PLEASE NOTE THAT OUR PRODUCT RANGE AND SITE ARE CURRENTLY UNDER REVIEW

for more information please contact -

 

Sales and Technical Enquiries

 When Not to Use PCD

 

    
    PCD WILL NOT:-
 
     PCD is not recommended for the machining of Iron, Cobalt, or Nickel alloys.  In the presence of these metals and the
     heat and pressure created by cutting, diamond is encouraged to revert to the metastablecarbon form: graphite.  
 
     It is possible to machine some stainless steels and other highly alloyed materials,which have the iron, cobalt or
     nickel tied up in a non-reactive state. Even so, these materials should be machined at low cutting speeds with coolant
     to reduce any heat generated.
 
     PCD contains a small amount of Cobalt as a result of the manufacturing process. If a PCD tool is subjected continuous and
    significant heating during cutting, the diamond is likely to transform back to graphite. In order to avoid this effect, the use of
    coolant is recommended.
 
     Due to the polycrystalline nature of PCD, it is impossible to create cutting edges  as perfect as those of single crystal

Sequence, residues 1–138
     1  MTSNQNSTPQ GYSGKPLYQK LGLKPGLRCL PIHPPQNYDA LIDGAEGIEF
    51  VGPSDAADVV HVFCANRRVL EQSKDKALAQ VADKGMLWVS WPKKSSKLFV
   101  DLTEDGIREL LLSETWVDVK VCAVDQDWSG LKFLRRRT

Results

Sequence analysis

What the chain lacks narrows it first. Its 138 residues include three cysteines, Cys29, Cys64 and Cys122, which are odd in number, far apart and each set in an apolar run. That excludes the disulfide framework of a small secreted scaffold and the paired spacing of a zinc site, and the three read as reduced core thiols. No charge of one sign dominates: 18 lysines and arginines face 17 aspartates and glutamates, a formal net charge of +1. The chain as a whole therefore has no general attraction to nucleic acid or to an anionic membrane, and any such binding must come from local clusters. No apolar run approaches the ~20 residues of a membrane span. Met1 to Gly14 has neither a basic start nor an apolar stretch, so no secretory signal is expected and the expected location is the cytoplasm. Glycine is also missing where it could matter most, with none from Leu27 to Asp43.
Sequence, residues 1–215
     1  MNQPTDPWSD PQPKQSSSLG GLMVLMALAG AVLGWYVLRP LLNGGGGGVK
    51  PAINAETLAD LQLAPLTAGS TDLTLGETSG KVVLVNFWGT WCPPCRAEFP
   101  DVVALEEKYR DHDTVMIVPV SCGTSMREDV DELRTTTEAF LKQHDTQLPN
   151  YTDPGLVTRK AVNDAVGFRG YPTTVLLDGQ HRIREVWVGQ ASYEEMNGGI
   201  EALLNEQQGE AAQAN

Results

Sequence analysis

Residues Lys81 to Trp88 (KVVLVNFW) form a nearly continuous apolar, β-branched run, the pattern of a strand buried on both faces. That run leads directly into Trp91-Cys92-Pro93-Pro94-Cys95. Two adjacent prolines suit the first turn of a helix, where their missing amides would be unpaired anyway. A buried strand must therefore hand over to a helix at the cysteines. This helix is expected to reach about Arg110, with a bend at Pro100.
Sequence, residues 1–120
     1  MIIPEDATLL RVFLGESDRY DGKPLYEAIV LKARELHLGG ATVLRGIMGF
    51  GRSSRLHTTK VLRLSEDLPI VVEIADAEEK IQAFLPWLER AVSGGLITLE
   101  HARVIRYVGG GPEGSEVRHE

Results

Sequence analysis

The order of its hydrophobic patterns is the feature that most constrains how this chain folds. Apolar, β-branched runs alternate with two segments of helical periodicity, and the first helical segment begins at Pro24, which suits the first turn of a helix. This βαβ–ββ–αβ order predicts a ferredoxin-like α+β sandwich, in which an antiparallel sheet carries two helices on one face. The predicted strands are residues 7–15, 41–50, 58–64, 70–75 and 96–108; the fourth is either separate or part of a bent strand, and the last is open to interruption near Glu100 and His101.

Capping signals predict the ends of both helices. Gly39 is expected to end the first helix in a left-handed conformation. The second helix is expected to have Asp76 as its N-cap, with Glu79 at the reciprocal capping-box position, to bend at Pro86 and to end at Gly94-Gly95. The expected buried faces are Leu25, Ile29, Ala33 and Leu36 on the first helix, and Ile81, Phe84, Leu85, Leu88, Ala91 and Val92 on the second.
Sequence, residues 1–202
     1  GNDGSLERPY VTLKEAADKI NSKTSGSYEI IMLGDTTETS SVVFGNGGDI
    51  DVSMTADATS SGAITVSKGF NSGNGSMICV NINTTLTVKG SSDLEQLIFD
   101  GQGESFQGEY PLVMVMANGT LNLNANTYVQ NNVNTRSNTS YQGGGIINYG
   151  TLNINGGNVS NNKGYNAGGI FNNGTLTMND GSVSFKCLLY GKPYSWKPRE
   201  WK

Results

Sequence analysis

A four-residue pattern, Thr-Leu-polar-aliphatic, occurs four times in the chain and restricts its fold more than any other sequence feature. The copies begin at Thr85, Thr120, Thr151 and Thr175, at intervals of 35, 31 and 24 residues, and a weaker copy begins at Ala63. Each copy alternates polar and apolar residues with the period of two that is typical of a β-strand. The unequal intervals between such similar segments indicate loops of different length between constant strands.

diamond.  Even with the finest grade PCD, which has a particle size of 2 microns, it is not possible to machine plastics
     and produce optically  flat surfaces.
 
     PCD tools are relatively expensive, compared with conventional cutting tools. Poor quality materials, which have inclusions that
    break conventional cutting tools, or work holding systems that do not locate and hold the part securely, are likely to have the same     effect on PCD tools but at a greater cost.
 
     Metal matrix composite (MMC) materials, Aluminium reinforced with Silicon carbide particles or filaments can be machined      with PCD, but as the SiC content increases the tool life reduces and materials with more than 30% SiC are practically      impossible to machine other than by grinding or EDM.
 
     
     David Richards stock a range of I.S.O. standard cutting tool inserts. The cutting geometry of these tools is
    ideal for machining the most common materials; Si/Al alloy, copper, brass and abrasive plastics.
 
    For MMC, very high silicon content alloys and other more specialised applications, different  geometries are     available, many ex-stock, to enable the tools to achieve the best performance.

 
 

  

 

 

 

 

David Richards Engineering  2013